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Examiner
  • Larry D. Jones: Mental health awareness can make a difference

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  • Mental health impacts every part of our lives from levels of success to social interactions and to physical health. Feeling well makes it easier to respond to the demands and stresses of everyday life. Having a healthy balance is important to feeling confident, capable, and happy.
    According to the CDC, mental health is a state of well-being in which a person realizes his or her own abilities, can cope with the normal stresses of life, can work productively and fruitfully, and is able to contribute to his or her community.
    Mental health is something we all deal with. Mental health conditions are nobody’s fault, can happen to anyone, and are not a sign of weakness. According to Mental Health America, about one in five American adults experience a mental health issue, so chances are you probably know someone who has dealt with or is dealing with it.
    Mental health conditions, such as depression or anxiety, are common, real, and treatable. They are not a result of personal weakness or choice but a combination of biological and environmental factors.
    Some common warning signs of mental health conditions are:
    • Feeling very sad or withdrawn for more than two weeks.
    • Seriously trying to harm or kill oneself or making plans to do so.
    • Severe out-of-control, risk-taking behaviors that can cause harm to self or others.
    • Sudden overwhelming fear for no reason, sometimes with a racing heart , physical discomfort or fast breathing.
    • Severe mood swings that cause problems in relationships.
    • Drastic changes in behavior, personality or sleeping habits (e.g. waking up early and acting agitated).
    While not a cure for mental illness, there are certain things we can do to try to improve our overall happiness in life.
    • Practice gratitude. Try to take some time each day to think about or list a few things that make you grateful. This helps shift you away from bitterness and despair, and promotes happiness.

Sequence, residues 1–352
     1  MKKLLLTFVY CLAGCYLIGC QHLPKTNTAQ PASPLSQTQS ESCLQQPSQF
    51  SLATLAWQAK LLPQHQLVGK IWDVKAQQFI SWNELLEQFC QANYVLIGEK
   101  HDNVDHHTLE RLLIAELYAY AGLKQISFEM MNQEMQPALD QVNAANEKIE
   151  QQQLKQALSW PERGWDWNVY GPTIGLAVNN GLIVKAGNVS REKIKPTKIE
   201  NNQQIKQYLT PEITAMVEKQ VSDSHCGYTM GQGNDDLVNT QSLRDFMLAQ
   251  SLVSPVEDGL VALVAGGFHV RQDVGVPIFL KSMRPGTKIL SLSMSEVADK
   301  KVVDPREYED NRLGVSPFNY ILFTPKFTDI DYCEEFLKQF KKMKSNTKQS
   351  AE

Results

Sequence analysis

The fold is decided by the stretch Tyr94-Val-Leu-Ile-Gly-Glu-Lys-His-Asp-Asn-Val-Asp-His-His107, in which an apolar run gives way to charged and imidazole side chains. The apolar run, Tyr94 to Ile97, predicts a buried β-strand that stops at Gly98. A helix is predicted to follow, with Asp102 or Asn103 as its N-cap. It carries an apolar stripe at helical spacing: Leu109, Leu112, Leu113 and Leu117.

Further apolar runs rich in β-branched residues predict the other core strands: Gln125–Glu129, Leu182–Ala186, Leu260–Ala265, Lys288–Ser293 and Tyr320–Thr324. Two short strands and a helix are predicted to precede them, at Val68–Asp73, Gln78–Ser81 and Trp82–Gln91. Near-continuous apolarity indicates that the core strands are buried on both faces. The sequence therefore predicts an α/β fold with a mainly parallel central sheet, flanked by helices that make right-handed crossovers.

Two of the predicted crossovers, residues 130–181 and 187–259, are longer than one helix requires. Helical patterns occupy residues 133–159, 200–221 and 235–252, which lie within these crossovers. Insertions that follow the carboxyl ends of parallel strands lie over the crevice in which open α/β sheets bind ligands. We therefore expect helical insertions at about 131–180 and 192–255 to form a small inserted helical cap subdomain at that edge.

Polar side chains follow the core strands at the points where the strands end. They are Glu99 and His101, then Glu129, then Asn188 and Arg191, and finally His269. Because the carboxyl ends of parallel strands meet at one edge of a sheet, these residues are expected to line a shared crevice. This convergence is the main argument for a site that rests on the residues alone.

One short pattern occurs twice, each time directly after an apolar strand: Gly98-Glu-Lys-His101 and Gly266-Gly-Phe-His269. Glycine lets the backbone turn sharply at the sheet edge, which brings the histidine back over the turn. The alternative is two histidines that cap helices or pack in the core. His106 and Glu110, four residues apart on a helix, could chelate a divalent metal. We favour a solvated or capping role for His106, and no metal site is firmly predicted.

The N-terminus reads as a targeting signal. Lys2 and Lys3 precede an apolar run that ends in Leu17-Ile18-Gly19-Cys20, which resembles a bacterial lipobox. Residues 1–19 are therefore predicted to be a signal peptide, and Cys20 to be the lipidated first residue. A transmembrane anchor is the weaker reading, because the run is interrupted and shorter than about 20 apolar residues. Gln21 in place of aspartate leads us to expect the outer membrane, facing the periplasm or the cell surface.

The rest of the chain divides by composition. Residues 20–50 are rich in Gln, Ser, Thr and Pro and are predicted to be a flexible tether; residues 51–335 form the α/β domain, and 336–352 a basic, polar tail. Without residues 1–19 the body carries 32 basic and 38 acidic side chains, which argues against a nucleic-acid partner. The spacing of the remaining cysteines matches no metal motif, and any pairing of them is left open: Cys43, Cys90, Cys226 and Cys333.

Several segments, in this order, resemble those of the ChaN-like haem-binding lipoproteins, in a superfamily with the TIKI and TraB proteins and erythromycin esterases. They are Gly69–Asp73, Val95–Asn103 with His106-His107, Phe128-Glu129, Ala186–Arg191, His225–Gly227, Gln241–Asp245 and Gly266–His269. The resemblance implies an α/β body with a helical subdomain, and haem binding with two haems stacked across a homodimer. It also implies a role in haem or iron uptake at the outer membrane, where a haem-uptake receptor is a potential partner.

• Forgive others. Holding a grudge and nursing grievances can affect physical as well as mental health.
    • Hold onto and take care of friendships. There are few things better than close friendships with people who care about you. Not staying in touch with friends and family is one of the top five regrets of the dying.
    • Engage in meaningful activities. To get more out of life, we need to put more into it. Participate in active leisure that helps you grow as a person.
    • Exercise, even for as little as 10 minutes a day. Although 30 minutes is recommended, exercise has such a profound effect on our happiness and well-being that it can be an effective strategy for overcoming sadness, and any exercise is better than none.
    Page 2 of 2 - • Help others. Helping others or performing acts of kindness can actually help enrich our lives.
    • Practice positive thinking. Positive thinking is approaching life's challenges with a positive outlook. It does not mean avoiding or ignoring the bad things, but instead, approaching the not so great things in a more positive and productive way. You think the best is going to happen, and make the most of potentially bad situations. Findings suggest that positive thinkers are healthier, less stressed, and they also have greater overall well-being.
    There is sometimes a stigma that continues to exist for many adults dealing with mental health issues. It’s important to educate yourself and others, so that you can make a difference.
    It’s OK to ask for help. People often get better with the many treatment options available. It’s better to get help early, before an issue gets worse. The understanding and support of friends can help those with a mental health condition continue to succeed.
    Always take any suicidal warning signs seriously. Take action right away by telling someone you trust or calling the National Suicide Lifeline at (800) 273-TALK (8255). For more information, go to http://www.mentalhealthamerica.net .
    Larry D. Jones, MPH, is the director of the Independence Health Department.

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